Armstrong, citing two fatal crashes in the past 48 hours, also warned that traffic authorities would take a back seat to respond to violent crime.
He said there are currently 714 officers in a force protecting a town of more than 420,000 people, but the numbers are dropping with 5.5 officers leaving the department each month.
“Our department is not growing, it is shrinking,” Armstrong said, adding that the department would have fewer than 700 officers by December.
Council members Nikki Fortunato Bas and Carroll Fife spearheaded funding for the Oakland Police Department with the amended budget vote.
“We can make adjustments if we need to, but, for now, we need to focus on our violence prevention, our affordable housing, our homeless populations and that’s what this budget is helping us to do. go ahead and do it, ”board member Dan Kalb said when the measure was passed. by a margin of 7-2.
Oakland Mayor Libby Schaaf released a statement expressing his opposition to the revised budget and cuts to police services.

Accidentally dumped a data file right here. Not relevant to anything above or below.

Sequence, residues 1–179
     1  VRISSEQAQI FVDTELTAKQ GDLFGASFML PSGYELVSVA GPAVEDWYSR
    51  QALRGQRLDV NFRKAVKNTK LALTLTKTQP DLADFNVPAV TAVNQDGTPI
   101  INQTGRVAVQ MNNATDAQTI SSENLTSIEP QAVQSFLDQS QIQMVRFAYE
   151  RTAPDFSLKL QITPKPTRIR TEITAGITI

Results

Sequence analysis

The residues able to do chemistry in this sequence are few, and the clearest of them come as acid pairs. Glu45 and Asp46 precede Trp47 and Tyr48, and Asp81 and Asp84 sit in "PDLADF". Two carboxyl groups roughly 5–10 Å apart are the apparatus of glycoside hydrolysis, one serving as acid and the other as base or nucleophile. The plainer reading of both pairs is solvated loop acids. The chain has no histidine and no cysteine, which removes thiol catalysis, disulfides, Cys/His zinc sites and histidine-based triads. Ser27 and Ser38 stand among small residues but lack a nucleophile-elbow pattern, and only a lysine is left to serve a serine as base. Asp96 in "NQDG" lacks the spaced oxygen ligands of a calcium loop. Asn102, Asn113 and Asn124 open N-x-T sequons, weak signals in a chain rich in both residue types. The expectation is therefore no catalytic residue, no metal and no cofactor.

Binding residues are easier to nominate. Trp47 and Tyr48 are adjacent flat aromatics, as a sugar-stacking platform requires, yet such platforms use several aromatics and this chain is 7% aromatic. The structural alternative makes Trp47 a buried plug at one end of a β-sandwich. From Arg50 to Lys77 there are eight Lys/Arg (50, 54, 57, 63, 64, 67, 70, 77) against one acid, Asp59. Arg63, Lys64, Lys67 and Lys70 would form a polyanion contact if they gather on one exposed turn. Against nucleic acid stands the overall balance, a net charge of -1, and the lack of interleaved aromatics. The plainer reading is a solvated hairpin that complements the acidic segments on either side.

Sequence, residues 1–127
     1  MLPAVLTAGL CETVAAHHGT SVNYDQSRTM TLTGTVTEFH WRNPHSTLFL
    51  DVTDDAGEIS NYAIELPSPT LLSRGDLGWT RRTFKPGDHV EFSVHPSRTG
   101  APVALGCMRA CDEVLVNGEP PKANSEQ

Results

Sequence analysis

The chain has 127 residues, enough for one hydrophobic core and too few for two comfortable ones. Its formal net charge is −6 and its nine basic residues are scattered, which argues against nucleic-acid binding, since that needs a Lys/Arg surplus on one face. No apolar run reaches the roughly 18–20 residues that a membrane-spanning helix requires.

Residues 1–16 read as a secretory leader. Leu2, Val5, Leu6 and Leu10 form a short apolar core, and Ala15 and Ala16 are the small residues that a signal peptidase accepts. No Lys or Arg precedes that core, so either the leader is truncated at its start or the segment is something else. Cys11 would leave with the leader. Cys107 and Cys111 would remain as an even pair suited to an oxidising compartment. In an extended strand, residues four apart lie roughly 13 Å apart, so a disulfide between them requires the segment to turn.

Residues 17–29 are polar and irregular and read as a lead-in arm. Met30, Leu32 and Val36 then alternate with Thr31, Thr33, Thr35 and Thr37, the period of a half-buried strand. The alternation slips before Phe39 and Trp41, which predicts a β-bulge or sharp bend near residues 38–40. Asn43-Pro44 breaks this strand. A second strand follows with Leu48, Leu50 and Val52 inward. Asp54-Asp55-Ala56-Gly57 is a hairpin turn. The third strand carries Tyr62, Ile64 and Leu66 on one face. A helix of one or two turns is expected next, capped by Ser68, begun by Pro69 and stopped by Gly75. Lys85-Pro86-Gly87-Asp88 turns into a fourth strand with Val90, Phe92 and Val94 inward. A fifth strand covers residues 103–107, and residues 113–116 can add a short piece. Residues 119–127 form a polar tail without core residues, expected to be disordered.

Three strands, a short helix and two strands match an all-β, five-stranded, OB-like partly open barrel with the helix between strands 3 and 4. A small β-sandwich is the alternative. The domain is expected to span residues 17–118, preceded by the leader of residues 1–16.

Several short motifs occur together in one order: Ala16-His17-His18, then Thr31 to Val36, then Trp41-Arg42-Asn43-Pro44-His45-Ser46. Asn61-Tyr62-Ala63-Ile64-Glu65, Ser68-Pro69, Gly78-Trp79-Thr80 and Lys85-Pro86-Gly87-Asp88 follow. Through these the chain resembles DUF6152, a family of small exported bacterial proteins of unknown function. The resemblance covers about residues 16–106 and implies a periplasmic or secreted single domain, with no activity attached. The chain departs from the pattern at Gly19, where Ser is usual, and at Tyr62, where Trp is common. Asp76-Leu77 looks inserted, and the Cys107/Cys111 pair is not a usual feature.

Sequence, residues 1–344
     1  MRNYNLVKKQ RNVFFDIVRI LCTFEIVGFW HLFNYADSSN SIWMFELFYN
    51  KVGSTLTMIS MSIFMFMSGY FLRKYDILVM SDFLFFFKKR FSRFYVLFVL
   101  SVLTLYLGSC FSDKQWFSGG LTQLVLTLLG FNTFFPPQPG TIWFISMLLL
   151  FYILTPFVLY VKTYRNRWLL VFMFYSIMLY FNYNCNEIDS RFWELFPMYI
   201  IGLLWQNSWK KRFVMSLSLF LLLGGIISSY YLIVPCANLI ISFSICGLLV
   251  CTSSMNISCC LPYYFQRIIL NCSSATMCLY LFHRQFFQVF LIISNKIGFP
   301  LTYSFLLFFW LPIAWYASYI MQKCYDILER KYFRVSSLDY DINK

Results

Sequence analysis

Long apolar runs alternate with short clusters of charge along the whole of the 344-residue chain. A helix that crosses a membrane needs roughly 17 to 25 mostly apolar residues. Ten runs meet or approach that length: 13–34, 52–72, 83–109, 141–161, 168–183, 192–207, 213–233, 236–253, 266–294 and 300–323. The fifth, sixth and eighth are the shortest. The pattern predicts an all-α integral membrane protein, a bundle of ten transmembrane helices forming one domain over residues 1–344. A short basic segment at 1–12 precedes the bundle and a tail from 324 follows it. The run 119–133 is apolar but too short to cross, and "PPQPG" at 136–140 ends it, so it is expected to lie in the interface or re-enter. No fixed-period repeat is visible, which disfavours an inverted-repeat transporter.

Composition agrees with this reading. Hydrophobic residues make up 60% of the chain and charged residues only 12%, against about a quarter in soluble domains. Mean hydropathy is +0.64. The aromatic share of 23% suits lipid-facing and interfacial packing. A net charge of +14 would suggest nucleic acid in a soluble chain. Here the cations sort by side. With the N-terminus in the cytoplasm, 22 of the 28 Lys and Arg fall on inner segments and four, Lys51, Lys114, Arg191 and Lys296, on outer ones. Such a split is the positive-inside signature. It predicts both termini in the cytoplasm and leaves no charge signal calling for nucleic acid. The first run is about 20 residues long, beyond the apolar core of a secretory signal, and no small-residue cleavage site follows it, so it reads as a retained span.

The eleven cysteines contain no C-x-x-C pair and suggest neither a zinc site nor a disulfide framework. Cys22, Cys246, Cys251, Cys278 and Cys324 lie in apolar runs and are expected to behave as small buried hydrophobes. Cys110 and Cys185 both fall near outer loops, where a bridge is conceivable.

“Unfortunately, he [the budget] Also cut 50 police officers who answer Oaklanders 911 calls and enforce road safety. It also removes much-needed future academies, which will drastically reduce police personnel and delay response to the Oaklanders in times of crisis, ”Schaaf’s statement read in part. “This will force our officers to work even more overtime, which is costly and dangerous for officers and residents.”
A number of militant groups, including Anti Police-Terror Project, applauded the reallocation of funds.
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“This historic budget guarantees a full audit of the Oakland Police Department and a thorough review of positions that could be civilized, removed from the OPD, or a combination of the two,” the group said in a released statement.
Following the murder of George Floyd by police in Minneapolis last year, many people in Oakland demanded that Oakland officials redirect a large chunk of the city’s police budget to other security measures public.